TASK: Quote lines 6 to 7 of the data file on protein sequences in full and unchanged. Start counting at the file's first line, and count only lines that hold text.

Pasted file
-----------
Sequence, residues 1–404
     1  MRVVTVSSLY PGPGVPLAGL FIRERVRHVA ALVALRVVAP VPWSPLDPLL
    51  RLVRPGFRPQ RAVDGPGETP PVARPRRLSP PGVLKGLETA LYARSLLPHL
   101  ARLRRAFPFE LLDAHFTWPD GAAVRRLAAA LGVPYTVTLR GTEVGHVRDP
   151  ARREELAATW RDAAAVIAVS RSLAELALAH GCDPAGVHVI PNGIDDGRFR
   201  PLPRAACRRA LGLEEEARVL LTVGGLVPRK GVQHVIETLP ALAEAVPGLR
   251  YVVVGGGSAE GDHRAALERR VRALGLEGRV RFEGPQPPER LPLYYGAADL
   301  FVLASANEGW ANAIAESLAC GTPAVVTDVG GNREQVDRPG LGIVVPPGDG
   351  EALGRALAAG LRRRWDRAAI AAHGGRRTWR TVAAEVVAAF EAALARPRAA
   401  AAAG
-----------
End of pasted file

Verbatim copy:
   201  PLPRAACRRA LGLEEEARVL LTVGGLVPRK GVQHVIETLP ALAEAVPGLR
   251  YVVVGGGSAE GDHRAALERR VRALGLEGRV RFEGPQPPER LPLYYGAADL